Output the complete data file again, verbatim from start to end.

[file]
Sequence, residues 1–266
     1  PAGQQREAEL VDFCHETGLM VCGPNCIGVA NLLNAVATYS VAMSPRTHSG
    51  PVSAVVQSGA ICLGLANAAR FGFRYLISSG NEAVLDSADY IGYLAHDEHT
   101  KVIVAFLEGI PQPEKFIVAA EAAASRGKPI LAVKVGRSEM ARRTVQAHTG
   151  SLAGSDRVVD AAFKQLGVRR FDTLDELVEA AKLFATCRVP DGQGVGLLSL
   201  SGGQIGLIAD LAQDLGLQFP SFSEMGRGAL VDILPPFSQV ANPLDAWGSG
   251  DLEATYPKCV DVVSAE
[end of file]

Sequence, residues 1–266
     1  PAGQQREAEL VDFCHETGLM VCGPNCIGVA NLLNAVATYS VAMSPRTHSG
    51  PVSAVVQSGA ICLGLANAAR FGFRYLISSG NEAVLDSADY IGYLAHDEHT
   101  KVIVAFLEGI PQPEKFIVAA EAAASRGKPI LAVKVGRSEM ARRTVQAHTG
   151  SLAGSDRVVD AAFKQLGVRR FDTLDELVEA AKLFATCRVP DGQGVGLLSL
   201  SGGQIGLIAD LAQDLGLQFP SFSEMGRGAL VDILPPFSQV ANPLDAWGSG
   251  DLEATYPKCV DVVSAE